I’m thinking about community this week – who listens when you talk, supports you when you need to be supported, and kicks you in the pants when you need to be spurred on to be as good as you can be?

A Commitment to Becoming a Better Photographer

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To follow up on my previous post I thought that I’d share some of the things that I’d done to improve my photography and hopefully they may be useful to you. At the time I did all of this stuff I felt that I was a late starter and wanted to accelerate my learning as much as I could. This meant using the expertise and experience of photographers that I liked to quickly get a solid foundation. Please do chime in with your thoughts and comments too.

1. Find your true calling. Work out what appeals to you, what repels you. Start a scrap book real or virtual of images that appeal to you. Make a list of common attributes – color or black and white, landscape, portraiture, wildlife, fashion, wedding, dig a bit deeper what else do these have in common, what differentiates them.

2. Find a mentor. Have you found yourself gravitating to one or two photographers? Study what they’ve done and how they got the shots you particularly admire. Of course if they’re alive today they probably teaching workshops – take a workshop with them and get some advice from your photographic hero. Not only will you get some insight into how they achieve their signature works but you’ll also get some feedback on your own work.

3. Get the right gear. Figuring out what gear your heros are using to get the shots you admire and get the same stuff. Somethings you’ll want to buy now, others you should rent. But without getting the gear to get the shot you won’t get the shot. A good example for landscape photographers is a rock solid tripod – get a good one and it will last you for years.

4. Do what your heros do to get the shot. When I was at Alison Shaw’s Workshop on Martha’s Vineyard in 2009 I was bemoaning my lack of progress to Alison’s assistant Donna Foster. Donna quickly pointed out that there was a progression to my work but that my biggest problem was that I wasn’t shooting in the best light and that if I wanted to improve I should find some time to get out early or late and shoot when the light is good.

5. Get feedback on your work. There are a number of ways to get comments on your work I prefer one on one portfolio reviews with someone who is going to be brutally frank. Feedback from workshop instructors is also very useful, as can be comments from friends whose opinion you trust and value.

I hope that you found this useful. I’d be delighted to hear what you’ve done to improve.

The Value in Competition?

It’s been a big few days for sport here in Boston. Friday was the first home game for the Red Sox and today is the Boston Marathon.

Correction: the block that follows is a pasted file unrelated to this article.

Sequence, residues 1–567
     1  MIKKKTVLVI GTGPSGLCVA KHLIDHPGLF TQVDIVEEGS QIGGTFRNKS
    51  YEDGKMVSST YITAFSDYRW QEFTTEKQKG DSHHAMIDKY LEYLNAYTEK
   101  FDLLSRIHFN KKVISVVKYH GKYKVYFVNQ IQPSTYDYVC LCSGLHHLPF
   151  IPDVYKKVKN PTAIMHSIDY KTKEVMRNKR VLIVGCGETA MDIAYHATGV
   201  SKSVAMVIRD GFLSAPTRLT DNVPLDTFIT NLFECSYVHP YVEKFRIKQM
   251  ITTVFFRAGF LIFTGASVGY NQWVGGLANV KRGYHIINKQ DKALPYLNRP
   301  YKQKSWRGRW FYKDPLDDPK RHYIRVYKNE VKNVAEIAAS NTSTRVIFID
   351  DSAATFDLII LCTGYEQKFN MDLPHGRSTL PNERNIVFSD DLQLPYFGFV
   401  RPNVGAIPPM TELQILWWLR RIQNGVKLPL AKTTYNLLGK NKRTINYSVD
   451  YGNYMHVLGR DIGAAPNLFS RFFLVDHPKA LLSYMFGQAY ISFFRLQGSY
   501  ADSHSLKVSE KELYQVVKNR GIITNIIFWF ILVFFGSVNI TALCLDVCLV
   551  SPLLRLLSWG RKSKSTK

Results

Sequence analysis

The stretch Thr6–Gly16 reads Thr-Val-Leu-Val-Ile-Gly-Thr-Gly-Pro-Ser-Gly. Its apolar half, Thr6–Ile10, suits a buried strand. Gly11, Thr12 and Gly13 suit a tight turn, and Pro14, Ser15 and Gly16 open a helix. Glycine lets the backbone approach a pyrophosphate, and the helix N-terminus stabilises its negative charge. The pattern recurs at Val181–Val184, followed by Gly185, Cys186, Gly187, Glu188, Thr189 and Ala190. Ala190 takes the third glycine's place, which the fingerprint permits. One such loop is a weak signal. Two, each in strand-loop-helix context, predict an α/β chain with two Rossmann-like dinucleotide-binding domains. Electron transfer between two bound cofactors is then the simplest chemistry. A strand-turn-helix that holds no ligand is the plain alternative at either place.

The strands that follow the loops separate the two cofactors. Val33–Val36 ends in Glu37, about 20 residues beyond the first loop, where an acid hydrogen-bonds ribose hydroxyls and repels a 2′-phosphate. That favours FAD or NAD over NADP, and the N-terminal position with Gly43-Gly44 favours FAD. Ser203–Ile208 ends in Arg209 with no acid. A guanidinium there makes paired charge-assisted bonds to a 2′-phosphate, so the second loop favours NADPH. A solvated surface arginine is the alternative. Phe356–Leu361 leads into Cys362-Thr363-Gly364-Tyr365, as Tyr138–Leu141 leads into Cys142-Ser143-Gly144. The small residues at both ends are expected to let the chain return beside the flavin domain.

Fitting then that I had a conversation at the end of last week about the sport of photo competitions. If we ignore all the flat out bad things about photo competitions – that they are money earners for the organizations that are running them (not strictly bad) and attempt to get royalty free images – are they useful?

You could argue that competitions give you an opportunity to judge your work against that of others and also that this is also an effective way to market your work and build an audience. I would say no on all points. Art is subjective, ask three people and you’ll get three different answers. Competitions can be an effective way to get your work out to a broad audience, that is, if you win. Otherwise there’s probably not a lot of value in it.

It’s always nice to win, for some this is more important than it is for others,

Competitions bring out the worst in me. In a competitive situation I want to win and will do whatever it takes to win. I don’t think that this is terribly useful when it comes to fine art photography where the goal, or at least my goal, is to effectively capture my emotional response to the scene in front of me or to make the image that’s in my head. As soon as I start thinking about what it takes to make a successful image before I’ve made it then I’m not going to be true to myself.

I don’t view fine art photography as a competitive sport. For me it’s much better to use your own work to benchmark against, a little like the runner who is interested in personal best time, but to do that after the fact. After you’ve made the image and worked it up. Then see how it fits with the rest of what you’ve done and whether this meets the standard you’ve set for yourself.

Competitions aren’t an end game for me. I may enter the occasional competition but it will be will photographs that I made for myself not with the competition in mind. What’s your position on competitions?

Competitions bring out the worst in me. In a competitive situation I want to win and will do whatever it takes to win. I don’t think that this is terribly useful when it comes to fine art photography where the goal, or at least my goal, is to effectively capture my emotional response to the scene in front of me or to make the image that’s in my head. As soon as I start thinking about what it takes to make a successful image before I’ve made it then I’m not going to be true to myself.